I have always been skeptical of the value of the stigma concept in advocating for the rights of people with mental illness. It seems to imply that a person with a mental illness is obvious to everyone and nothing could be further from the truth. The usual advocacy groups certainly jumped on it and it was later picked up by professional organizations. My basic problem with the entire argument is that nobody should know that you have a mental health problem anymore than people should know that I have asthma. It is a problem of medical confidentiality rather than a problem with stigma. Anyone who thinks that is not the case just needs to consider what prospective employers think about hiring people with back pain, asthma, or any pre-existing condition that potentially impacts their group health insurance coverage. Any confidential medical condition is potentially stigmatizing and it certainly is nobody else's business. If people want to disclose that information that is certainly up to them and as I have posted here in many cases it can be a useful public service. And I do realize that health insurance companies force you to disclose pre-existing conditions using various methods but that does not mean that your employer should know.
The other problem is that there has been broad and systematic discrimination against people with mental illness and addictions at all levels of government and the business community. These are the people who have access to protected medical information and make decisions about health care based on it. That discrimination occurs with full knowledge of a diagnosis and often a recommended treatment plan. Multiple posts here document that problem and yet nobody comes right out and attacks that issue. If anything social activism with a stigma focus seems to cast a wide discrimination net rather than focusing on the few people and agencies that can make a critical difference. It suggests that the general public is the problem and that educating the general public will solve the problem.
This morning a friend of mine posted this link on Facebook and asked me for my impressions of the argument that neuroscientific explanations potentially lead to more stigma. That is probably what has me fired up. If you are trained in science, you realize that there are internal politics but in general that is not the same as the politics of the barbarians at the gate. The problem is that all types of science from climate science to neuroscience gets co-opted and interpreted by people who don't know what they are talking about. I think that is illustrated by one of the summary points in this article:
"As this revolution gathers force, we need to be mindful that biogenetic explanations for mental health problems can have troubling implications for the people who suffer them."
I think it should be obvious that there will be "troubling implications" for anyone who is ignorant on either end of a "biogenetic explanation". Further, it is really impossible to separate allegedly biogenetic explanations from decades of conditioning by governments, businesses, and the media. Troubling implications start when you realize that your employer's health plan does not have coverage for mental illnesses or addictions and you have a family member that needs that insurance.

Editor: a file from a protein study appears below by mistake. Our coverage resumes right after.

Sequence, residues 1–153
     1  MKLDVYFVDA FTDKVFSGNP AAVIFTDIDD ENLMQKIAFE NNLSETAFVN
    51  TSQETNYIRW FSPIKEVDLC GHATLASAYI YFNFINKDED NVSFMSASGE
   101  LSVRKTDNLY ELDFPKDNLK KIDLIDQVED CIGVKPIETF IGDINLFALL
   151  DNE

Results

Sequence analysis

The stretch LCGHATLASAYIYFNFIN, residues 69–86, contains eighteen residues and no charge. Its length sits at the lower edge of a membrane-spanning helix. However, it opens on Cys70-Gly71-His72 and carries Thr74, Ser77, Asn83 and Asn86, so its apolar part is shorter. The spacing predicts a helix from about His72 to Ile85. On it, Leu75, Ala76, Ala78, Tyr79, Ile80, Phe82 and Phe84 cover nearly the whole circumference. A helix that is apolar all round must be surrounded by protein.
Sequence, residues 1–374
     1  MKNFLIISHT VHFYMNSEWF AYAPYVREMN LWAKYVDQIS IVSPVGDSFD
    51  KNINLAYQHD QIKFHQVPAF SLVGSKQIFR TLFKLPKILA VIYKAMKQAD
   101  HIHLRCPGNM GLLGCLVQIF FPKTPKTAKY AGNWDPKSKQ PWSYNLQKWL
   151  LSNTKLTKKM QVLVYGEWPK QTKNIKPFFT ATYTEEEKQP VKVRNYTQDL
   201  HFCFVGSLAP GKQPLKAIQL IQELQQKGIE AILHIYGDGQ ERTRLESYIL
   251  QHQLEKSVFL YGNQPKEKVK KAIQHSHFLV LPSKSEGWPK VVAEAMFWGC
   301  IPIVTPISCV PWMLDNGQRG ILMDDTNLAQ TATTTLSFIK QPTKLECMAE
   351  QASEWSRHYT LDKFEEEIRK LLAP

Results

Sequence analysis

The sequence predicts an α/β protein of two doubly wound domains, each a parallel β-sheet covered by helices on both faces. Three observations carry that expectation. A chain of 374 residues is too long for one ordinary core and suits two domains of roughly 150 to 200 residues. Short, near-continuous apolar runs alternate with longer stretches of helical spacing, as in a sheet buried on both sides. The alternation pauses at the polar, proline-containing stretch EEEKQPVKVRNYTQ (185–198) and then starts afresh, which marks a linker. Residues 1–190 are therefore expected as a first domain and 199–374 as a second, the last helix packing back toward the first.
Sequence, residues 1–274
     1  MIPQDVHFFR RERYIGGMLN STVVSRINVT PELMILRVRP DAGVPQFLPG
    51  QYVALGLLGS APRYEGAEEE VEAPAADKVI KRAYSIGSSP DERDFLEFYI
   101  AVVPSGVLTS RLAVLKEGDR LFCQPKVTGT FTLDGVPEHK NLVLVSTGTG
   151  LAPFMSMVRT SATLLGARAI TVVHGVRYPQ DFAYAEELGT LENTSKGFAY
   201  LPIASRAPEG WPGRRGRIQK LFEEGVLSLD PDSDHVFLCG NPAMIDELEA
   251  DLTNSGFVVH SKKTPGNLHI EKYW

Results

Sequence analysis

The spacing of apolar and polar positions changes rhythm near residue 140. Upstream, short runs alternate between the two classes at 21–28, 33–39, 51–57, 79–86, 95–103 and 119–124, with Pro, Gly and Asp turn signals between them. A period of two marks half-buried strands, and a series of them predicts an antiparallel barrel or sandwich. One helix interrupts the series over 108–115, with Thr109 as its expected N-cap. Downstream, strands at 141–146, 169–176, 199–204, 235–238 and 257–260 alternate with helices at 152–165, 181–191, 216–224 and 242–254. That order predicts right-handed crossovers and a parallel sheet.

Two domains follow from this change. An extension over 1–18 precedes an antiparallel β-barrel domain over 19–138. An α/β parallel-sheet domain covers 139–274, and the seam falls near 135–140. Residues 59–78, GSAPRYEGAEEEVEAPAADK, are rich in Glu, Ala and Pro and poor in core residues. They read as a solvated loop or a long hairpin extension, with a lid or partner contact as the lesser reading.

What are the take home points about stigma in all of this?
1. Businesses that discriminate against mental illness by rationing current services and destroying any infrastructure necessary to treat mental health are stigmatizing. The message is clearly that they can't be bothered to treat these problems seriously by offering much of anything beyond a crisis stay in a hospital and a 10-20 minute "med check" by a "provider or prescriber" in an outpatient clinic every 3 - 6 months. No research proven modalities to treat mental illness and a severe push to send people with addictions and serious mental illnesses to county detox, jail, or the street.
But even the businesses not involved can get into the act. Practically every local market has a business some who is offering "crazy deals." If you doubt it, Google "crazy deals" or the equivalent "insane deals" and see what you come up with. Don't forget to look at some of the images.
2. Governments that ration and destroy the mental health infrastructure and collude with rationing by businesses are stigmatizing. Examples include empowering insurance companies to decide how they can deconstruct the billing and services of mental health providers and clinics to their advantage (the arbitrary insurance company audit), empowering business to discount services, legitimizing utilization review and prior authorization (tools for arbitrary denials), and allowing for proprietary business guidelines to dictate who can receive treatment and who can not. What could be more stigmatizing than to have a business suggest that a person is not "dangerous" enough to be treated and use that as a basis for medical decision making? Why aren't there any rules about admitting only the "dangerous" myocardial infarctions and sending everybody else home?
3. Court systems that treat the mentally ill like they are criminals are stigmatizing. This includes practically all court systems because as any forensic psychiatrist will tell you, despite the myths about the so-called insanity defense - it is practically impossible for anyone to get off with that defense. There are significant numbers of people who are incarcerated for minor nonviolent crimes that were the product of mental illness. Ask yourself if it is more stigmatizing to have a confidential diagnosis of a mental illness or be listed in the paper as being incarcerated or having been convicted of a crime?